Published on October 5th, 2020 | by Johnna Crider0
Another Win For Clean Energy: NextEra Surpasses ExxonMobil In Market Cap
October 5th, 2020 by Johnna Crider
The Financial Times has reported another win for clean energy. NextEra, the world’s largest solar and wind power generator, has surpassed ExxonMobil in market value. NextEra is now more valuable on the stock market than ExxonMobil. This reflects that investors believe that the energy system is changing in favor of renewables and fossil fuels are starting to become a thing of a past.
NextEra is an energy company from the US (Florida). On Friday, its market cap was $138.6 billion in intraday trading. S&P Global Market Intelligence noted that this is a gain of more than two-thirds within the past two years.
ExxonMobil had the highest market cap in US on the day of @tesla IPO. Now the company with a mission to accelerate transition to sustainable energy has 2x plus as much market cap. Now NextEra, clean energy group, market cap also exceeds Exxon. The stock market is getting it. https://t.co/rndHUUMlSD
— HIRO MIZUNO (@hiromichimizuno) October 3, 2020
One of Tesla’s newest board members, Hiromichi Mizuno, shared his thoughts on this in the tweet above. When Tesla first had its IPO, Exxon’s market cap was the highest in the US. Now, not only does Tesla, a company on a mission to empower humans by accelerating our transition to sustainable energy, have a higher market value than ExxonMobil, but so does NextEra. This trend is definitely notable and many are taking notes.
ExxonMobil, which is one of my state’s largest employers, as we have quite a few of its plants around here, was the world’s largest public company not so long ago. However, change is inevitable — and the transition to clean energy is the type of change that will put behemoth companies such as Exxon out of business unless they are able to get on board.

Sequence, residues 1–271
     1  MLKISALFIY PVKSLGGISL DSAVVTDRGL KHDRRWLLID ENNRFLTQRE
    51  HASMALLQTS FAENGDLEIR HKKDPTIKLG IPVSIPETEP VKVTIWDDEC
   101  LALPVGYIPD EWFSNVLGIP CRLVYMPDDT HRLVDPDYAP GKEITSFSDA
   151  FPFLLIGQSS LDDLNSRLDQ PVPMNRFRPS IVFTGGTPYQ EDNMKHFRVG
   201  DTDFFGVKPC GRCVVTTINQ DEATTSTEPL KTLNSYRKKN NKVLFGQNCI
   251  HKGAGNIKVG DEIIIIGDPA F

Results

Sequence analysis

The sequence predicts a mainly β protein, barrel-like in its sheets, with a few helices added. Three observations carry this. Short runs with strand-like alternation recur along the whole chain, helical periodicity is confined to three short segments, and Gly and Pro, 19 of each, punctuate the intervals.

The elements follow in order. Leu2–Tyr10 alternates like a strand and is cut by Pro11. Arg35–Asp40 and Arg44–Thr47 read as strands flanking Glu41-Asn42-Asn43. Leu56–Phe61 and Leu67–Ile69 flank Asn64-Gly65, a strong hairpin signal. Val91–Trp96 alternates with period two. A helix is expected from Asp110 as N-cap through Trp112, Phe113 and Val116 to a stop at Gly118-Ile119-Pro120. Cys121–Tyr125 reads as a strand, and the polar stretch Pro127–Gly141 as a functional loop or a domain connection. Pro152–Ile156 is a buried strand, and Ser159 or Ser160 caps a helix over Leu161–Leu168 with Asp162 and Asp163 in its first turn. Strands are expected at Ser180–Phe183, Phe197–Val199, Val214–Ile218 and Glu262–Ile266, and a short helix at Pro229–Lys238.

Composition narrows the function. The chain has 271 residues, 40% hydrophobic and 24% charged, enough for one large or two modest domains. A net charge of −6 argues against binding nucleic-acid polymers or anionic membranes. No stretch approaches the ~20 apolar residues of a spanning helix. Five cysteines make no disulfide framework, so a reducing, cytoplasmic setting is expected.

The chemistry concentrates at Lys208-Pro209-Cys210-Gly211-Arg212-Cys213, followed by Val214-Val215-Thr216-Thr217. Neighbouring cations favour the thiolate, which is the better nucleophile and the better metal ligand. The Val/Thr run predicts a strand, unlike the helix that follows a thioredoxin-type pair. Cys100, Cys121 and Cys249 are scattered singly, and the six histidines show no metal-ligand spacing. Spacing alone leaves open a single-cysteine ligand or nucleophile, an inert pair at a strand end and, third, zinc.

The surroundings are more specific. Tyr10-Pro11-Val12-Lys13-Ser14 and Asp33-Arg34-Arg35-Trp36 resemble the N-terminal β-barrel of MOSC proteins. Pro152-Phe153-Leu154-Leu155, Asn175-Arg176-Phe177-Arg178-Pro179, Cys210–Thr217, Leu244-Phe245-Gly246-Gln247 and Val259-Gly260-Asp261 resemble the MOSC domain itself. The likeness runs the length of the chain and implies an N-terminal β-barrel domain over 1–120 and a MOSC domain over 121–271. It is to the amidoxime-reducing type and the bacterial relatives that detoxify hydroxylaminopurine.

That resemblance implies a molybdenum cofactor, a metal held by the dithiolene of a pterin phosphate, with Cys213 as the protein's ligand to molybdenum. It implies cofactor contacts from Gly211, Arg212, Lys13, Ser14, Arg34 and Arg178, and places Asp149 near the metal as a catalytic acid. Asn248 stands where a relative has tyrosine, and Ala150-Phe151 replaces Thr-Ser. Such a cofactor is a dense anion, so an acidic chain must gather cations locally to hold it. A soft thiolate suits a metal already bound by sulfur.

Since the beginning of this year, ExxonMobil lost more than half of its value. It dropped down to $137.9 billion from its peak of more than $500 billion back in 2007. This decline shows that the energy industry is slowly moving away from oil in the direction of clean energy. With companies such as NextEra leading the way — especially during the pandemic — demand is in favor of renewable energy. See: “Solar Power = 60% of New US Power Capacity in June.”
Jim Robo, NextEra’s chief executive, spoke in an interview with a Wolfe Research analyst about the matter. “We’re seeing just enormous demand for renewables right now,” he said.
During the first half of this year, NextEra reported a net profit of $1.7 billion. Wholesale customers also signed up for 14.4 gigawatts worth of renewable energy capacity, which is almost three times the amount of two years ago. This is what increased the earnings guidance and led to a four-for-one stock split in September.
FT pointed out that NextEra isn’t solely using renewables, though. Both its wholesale power generation and utilities are still dependent on fossil fuels for power. Another thing that added to NextEra’s profits is the federal tax credits for wind and solar projects. NextEra was able to use them against tax liabilities on both of its businesses — wholesale power and utilities.
Tough Future For Fossil Fuels
NextEra, in an investor presentation, shared its thoughts on the future for gas. With the cost of batteries for electricity storage included, solar power is set to be around the same price as gas-fired generation by the middle of this decade on average. The prices could range around $30–40 a megawatt-hour, and wind plus storage could cost around $20–30 per megawatt-hour.
NextEra also wants to embrace hydrogen as a replacement fuel for diesel. The company has a pilot program that will use solar electricity to produce hydrogen. “It is a replacement fuel for diesel,” Robo explained. He also noted that investments made by European majors resulted in some of the worst projects that he’d seen in this sector. Robo also stated that he wasn’t worried about the oil majors.
Phasing Into Clean Energy From Fossil Fuels
Phasing from fossil fuel dependency to standing on our own independently by using clean and renewable energy will take some time. However, it’s refreshing to see clean energy winning in the financial markets. While average Americans may not invest in the stock market, many of the most powerful and well-known brands are included in these markets, and for a clean energy company such as NextEra to surpass ExxonMobil in value is a major win.
Clean energy will take this win and keep moving forward.
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